120 works of art, including 57 watercolors; 24 oil paintings; and pieces in tempera, gouache, pastel, ink, pencil, charcoal, wood, and mixed media, ranging in size from 7 x 10 inches to 32 x 26 inches
Pierre Daura (1896–1976), born Pere Francesc Joan Daura i García, was a noted Catalan-American artist. Following early training at the School of Fine Arts (La Llotja) in Barcelona, Daura moved to Paris in 1914 to complete his artistic education. After military service in Minorca during World War I, he returned to Paris in 1920 and became part of its vibrant postwar modern art scene. Daura married the American artist Louise Heron Blair in 1928, and—following the outbreak of World War II—he spent the second half of his life in her home state of Virginia. Daura produced many depictions of the landscape and people of Rockbridge County, where the family settled, and worked prolifically in a variety of media and styles. During the 1940s and 1950s, he also taught at Lynchburg College and Randolph-Macon Woman’s College.
The Library of Virginia’s collection of Daura’s work represents both the longevity and breadth of his artistic career, with its greatest strength the images of people and places near his Virginia home. These include self-portraits done over three decades as well as portraits of his wife, their daughter Martha Daura, other family members, and neighbors. Local scenes range from expressive paintings … more
18 pen-and-ink drawings, ranging in size from 5-1/8 x 6-5/8 inches to 14-5/8 x 7-3/8 inches
This collection of original illustrations and chapter head- and end-pieces was created by Edward A. Darby for Virginia: A Guide to the Old Dominion. Compiled by workers of the Work Projects Administration’s state-sponsored Virginia Writers’ Project (1940), the book was initiated as one in a series of state guides begun in 1935 under the Federal Writers Project and was designed to give work to writers, editors, historians, and researchers.
All thirteen of the drawings used in Virginia: A Guide to the Old Dominion can be found in this collection of lighthearted, optimistic, and idealized images. The detailed artwork depicts iconic landmarks, historic sites, and symbols of the early-20th-century countryside that would be recognizable to many Virginians today. Also included in the collection are five additional drawings that do not appear in the guide. They represent an imagined Virginia, where tidewater monuments stand at the foot of the Blue Ridge Mountains, and where oxcarts and buggies share the landscape with speeding trains, automobiles, and airplanes.
Arrangement and access:
The collection is arranged in a single series, corresponding to the order in which the illustrations appear in Virginia: A Guide to the Old Dominion, followed by the five remaining drawings.
Failed insurance salesman Dugald Stewart Walker (1883–1937), a native Richmonder and self-styled eccentric very much in artistic and cultural sympathy with the British aesthetes of a generation before, studied drawing at the University of Virginia and the New York School of Art, and was by the late 1920s internationally renowned as both a fine artist and popular illustrator of children’s books. While his gallery work was praised in the museums of London, Paris, and Rome, Walker’s elegant grotesqueries fared poorly back home in Depression-era Richmond—though he was keenly sought after as a bookplate designer by the Richmond and New York elite.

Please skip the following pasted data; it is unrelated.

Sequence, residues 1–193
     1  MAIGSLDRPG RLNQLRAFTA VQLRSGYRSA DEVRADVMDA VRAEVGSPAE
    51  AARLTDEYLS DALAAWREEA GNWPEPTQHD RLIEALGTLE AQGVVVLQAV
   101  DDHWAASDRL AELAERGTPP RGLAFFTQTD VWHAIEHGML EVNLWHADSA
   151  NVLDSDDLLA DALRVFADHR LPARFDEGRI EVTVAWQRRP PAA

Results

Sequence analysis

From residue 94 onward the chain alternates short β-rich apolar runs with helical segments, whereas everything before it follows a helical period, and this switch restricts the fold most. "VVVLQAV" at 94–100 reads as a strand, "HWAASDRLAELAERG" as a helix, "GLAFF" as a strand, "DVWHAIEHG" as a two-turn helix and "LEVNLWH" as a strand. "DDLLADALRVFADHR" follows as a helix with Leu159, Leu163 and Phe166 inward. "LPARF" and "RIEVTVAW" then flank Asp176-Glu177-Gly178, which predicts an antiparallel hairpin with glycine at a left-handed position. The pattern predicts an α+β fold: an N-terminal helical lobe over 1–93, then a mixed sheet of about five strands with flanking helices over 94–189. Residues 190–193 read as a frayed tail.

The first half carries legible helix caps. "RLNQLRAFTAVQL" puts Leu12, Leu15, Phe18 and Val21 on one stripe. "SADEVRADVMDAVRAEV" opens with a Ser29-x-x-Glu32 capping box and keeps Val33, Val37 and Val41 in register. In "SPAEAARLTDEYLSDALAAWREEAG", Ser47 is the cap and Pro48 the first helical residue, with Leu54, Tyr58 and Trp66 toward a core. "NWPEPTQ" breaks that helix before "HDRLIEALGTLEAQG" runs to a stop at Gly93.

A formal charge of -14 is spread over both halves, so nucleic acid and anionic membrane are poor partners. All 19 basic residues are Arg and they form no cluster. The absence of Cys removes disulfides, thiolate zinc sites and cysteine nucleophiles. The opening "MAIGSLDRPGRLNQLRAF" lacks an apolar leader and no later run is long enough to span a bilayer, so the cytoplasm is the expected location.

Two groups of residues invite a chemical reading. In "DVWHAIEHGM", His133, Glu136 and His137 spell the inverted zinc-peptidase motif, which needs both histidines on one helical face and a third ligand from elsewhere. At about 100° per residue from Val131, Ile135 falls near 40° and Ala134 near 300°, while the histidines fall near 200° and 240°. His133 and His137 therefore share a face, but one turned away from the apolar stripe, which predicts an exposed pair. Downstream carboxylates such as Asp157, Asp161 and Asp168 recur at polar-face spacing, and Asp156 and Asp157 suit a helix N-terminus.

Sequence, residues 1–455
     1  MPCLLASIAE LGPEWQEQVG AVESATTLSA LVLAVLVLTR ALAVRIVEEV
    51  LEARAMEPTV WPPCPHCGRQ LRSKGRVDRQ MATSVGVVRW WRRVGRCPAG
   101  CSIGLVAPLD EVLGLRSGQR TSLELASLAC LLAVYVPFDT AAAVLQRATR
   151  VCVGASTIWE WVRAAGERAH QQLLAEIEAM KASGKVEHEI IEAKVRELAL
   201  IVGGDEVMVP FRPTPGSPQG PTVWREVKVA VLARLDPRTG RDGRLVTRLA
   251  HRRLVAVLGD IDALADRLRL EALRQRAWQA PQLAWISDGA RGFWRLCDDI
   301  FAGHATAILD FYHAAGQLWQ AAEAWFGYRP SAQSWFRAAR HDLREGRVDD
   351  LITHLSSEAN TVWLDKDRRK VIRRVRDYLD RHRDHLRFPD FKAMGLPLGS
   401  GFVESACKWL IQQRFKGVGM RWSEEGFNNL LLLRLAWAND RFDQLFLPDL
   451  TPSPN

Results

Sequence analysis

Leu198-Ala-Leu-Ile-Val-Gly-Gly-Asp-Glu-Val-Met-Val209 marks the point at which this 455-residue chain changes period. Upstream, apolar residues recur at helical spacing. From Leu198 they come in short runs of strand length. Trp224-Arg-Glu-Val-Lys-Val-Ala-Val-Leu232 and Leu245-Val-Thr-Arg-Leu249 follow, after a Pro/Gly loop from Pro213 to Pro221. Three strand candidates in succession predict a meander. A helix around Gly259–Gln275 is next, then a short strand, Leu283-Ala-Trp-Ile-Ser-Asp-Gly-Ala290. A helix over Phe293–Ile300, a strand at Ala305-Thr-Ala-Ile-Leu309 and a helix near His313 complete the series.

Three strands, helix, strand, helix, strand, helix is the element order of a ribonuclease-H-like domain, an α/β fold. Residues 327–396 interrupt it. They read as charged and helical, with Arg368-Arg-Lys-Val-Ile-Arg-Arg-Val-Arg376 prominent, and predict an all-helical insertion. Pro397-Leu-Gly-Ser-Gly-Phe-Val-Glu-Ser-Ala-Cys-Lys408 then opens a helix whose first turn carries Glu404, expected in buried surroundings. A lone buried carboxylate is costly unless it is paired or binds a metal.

With striking black-and-white prints reminiscent of the work of Aubrey Beardsley but distinctly his own, Walker created a whimsical, slightly sinister, and technically precise “Once Upon a Time” world of pleasure gardens, peacocks, satyrs, clowns, archers, and mounted knights. Often in his bookplates the highly personalized iconography of client preference is brought to bear on quaint themes and high modernist design. In the plate for the Boyce Thompson Institute for Plant Research, for example, delicately rendered chemistry beakers positioned above a “window” become, in their self-mirroring symmetry, a kind of ornamental pediment. In another plate, otherwise naturalistic boxers, poised for battle, become pilaster-like ornaments on either side of a monumental baroque doorway through which lovers can be glimpsed embracing in a glade. Perhaps the strangest item in this collection … more
2 albums, 7 x 11 and 9 x 11 inches, 200 photographs, along with 66 modern copy photographs from albums belonging to the Virginia Department of Historic Resources
In the early twentieth century, the Appalachian Power Company built a series of hydroelectric dams on the New River in Carroll County, Virginia. Completed in 1912, the Byllesby Dam took its name from H. M. Byllesby and Company, a Chicago investment firm that helped start Appalachian Power, and it created the serene 335-acre Byllesby Reservoir still popular with local fishermen and recreational boaters.
The photographs in this collection document the phases of the dam’s construction and the building methods of the period, with interior shots of the transformer house and its giant turbines and wide-angle exterior views of the dam and cement-mixing plant with its and volute casing and draft tube forms, like abstract sculptures in the wilderness, awaiting cement. As significantly, the photographs capture the daily lives of the workers who made their home in the camp, with images of black-papered dormitories for engineers and office staff, tidy vegetable gardens growing beneath power lines, a pair of well-dressed women on horseback (on the same horse), candid shots of “natives” (locals), and various shots of workers at rest and play and gathered around a campfire at night. The collection also includes two commercially produced scenic postcards of the completed dam and an original … more